Man, when my friends in college said "afternoon high tea" they meant something totally different. But OK, I get it. This is more of a scones/corned beef/quinoa fritter/radicchio sort of thing than Doritos and a vaporizer. Apparently it's the afternoon that's high, not really the people drinking the teas. The British, you see, fill up their stomachs and their caffeine receptors midday, daintily sipping pinkies-up and chomping cheesecake bars and radicchio coleslaw, while America toils endlessly through the afternoon. No wonder they've long since given up their dreams of empire, while we can't even unwind our spools enough to leave Afghanistan. TeaZone and Camellia Lounge, 510 NW 11th Ave., 221-2130. 11:30 am-4 pm. $22.95-$25.95.

Slint Documentary w/ local Filmmaker Lance Bangs

In 1991, at an underground music club in Asheville, N.C., Lance Bangs heard an album so weird and wondrous it would obsess him for the next two decades. That record, Spiderland, was by Slint, a band from Louisville, Ky., that had already broken up by the time the now Portland-based music-video director discovered it. Breadcrumb Trail, Bangs' documentary on the post-rock pioneers, germinated in that moment. Twenty-three years later, it's finally done.  Breadcrumb Trail is at the Hollywood Theatre, 4122 NE Sandy Blvd., on Sunday, March 23. 7 pm. $8. Read our interview with Bangs here.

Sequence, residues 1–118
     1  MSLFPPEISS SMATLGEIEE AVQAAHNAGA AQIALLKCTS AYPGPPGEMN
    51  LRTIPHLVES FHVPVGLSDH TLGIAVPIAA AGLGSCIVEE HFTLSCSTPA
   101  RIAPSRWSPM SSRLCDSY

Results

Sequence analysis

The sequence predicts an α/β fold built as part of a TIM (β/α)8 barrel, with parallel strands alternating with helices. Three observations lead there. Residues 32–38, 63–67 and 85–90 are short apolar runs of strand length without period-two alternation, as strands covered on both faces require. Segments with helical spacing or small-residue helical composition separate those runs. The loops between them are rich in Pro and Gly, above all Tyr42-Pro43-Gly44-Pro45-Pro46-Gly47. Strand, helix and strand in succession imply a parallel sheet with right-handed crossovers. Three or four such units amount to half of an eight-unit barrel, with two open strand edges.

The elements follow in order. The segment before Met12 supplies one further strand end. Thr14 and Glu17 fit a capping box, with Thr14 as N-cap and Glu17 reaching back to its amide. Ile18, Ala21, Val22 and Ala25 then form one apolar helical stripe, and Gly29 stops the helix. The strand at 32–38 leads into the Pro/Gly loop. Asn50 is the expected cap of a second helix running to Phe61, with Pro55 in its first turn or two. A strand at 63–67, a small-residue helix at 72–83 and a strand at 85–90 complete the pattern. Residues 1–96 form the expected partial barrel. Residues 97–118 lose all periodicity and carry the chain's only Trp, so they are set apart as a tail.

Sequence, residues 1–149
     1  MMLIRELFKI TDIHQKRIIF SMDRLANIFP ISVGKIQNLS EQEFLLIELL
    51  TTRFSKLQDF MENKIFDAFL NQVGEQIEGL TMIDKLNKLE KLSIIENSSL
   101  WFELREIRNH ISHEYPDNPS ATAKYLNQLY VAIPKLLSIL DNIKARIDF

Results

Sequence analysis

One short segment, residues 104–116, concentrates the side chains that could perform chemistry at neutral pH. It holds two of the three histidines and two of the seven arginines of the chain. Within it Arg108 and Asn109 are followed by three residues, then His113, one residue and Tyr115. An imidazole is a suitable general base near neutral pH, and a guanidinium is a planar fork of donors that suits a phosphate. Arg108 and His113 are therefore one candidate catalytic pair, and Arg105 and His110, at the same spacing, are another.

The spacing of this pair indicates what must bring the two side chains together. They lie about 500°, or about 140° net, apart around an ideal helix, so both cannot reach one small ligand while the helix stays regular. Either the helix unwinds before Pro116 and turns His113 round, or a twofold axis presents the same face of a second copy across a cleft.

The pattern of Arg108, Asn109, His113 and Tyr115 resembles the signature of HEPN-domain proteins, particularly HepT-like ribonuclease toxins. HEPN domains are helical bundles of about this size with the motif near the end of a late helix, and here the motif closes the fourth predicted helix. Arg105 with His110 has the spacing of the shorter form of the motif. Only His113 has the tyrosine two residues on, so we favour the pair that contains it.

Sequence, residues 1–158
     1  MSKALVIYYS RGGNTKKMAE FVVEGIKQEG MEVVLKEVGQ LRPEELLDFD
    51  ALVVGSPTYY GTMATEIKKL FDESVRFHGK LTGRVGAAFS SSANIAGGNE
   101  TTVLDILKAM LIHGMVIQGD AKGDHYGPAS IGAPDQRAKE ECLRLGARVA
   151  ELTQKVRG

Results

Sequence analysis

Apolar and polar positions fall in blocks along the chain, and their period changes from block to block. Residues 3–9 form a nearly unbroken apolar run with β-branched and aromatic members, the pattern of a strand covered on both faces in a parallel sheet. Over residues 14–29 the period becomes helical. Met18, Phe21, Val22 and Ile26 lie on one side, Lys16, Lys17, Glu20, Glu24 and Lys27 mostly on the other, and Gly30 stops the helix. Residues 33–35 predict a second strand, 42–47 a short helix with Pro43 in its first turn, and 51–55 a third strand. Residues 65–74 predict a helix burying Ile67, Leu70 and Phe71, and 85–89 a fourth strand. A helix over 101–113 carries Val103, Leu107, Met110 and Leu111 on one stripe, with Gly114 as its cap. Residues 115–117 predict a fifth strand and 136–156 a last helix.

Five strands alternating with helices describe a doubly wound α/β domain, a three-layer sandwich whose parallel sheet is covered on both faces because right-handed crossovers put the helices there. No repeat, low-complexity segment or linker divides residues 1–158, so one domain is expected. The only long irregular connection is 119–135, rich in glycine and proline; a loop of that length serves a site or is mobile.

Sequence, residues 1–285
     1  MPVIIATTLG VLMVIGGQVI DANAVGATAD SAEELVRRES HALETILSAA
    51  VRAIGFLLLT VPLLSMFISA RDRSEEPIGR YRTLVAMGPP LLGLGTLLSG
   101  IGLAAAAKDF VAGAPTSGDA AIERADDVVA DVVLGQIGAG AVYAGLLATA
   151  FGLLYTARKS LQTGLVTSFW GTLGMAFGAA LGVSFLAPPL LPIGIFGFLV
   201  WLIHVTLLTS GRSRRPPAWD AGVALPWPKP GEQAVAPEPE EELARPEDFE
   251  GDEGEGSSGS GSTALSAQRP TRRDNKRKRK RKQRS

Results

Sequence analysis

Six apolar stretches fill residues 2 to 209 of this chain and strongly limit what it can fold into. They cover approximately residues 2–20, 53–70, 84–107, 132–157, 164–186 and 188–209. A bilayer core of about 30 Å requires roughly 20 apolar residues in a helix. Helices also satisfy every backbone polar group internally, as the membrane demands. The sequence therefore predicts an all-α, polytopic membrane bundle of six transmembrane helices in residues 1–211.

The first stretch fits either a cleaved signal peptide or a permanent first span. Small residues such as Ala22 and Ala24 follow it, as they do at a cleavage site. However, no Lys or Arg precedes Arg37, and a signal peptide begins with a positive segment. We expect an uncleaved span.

Bertrand Chamayou Plays Chopin

[PIANO CONCERTO] The Oregon Symphony is helping nurture the next generation of classical superstars. Even younger than last week's featured violinist, Hilary Hahn, is pianist Bertrand Chamayou. This award-winning French ivory-tickler joins the symphony for a presentation of the moody Chopin classic Piano Concerto No. 2, dreamed up in 1830, when the composer was only 20. Tonight's program also starts with an early work by Olivier Messiaen, the distinctly edgy "Forgotten Offerings" and ends on a more staid note with Brahms' Symphony No 4. NATHAN CARSON. Arlene Schnitzer Concert Hall, 1037 SW Broadway, 248-4335. 7:30 pm Saturday-Sunday, March 22-23. $27-$110. All ages.

Daniel Rossen, William Tyler

[SPEAK IN ROUNDS] In terms of pure songwriting merit, I'd argue that Daniel Rossen—Grizzly Bear co-songwriter and Department of Eagles frontman—deserves a spot on the Mount Rushmore of 2000s songsmiths. Rossen's slippery, elliptical jams never stay in the same place twice. Even sparse ballads like "Saint Nothing," from his 2012 solo EP, Silent Hour/Golden Mile, have a movement on the surface that only heightens the beauty underneath. These are intricate, heady folk-pop songs, but his talent lies in the way he can take a tune like Grizzly Bear's "Sleeping Ute"—which sounds like Steely Dan covering the 13th Floor Elevators—and make it warm and welcoming. Rossen is touring solo for the first time, so hopefully we'll hear all of Silent Hour/Golden Mile and a few new masterpieces to add to the canon. MICHAEL MANNHEIMER. Mississippi Studios, 3939 N Mississippi Ave., 288-3895. 9 pm. $13.50 advance, $15 day of show. 21+.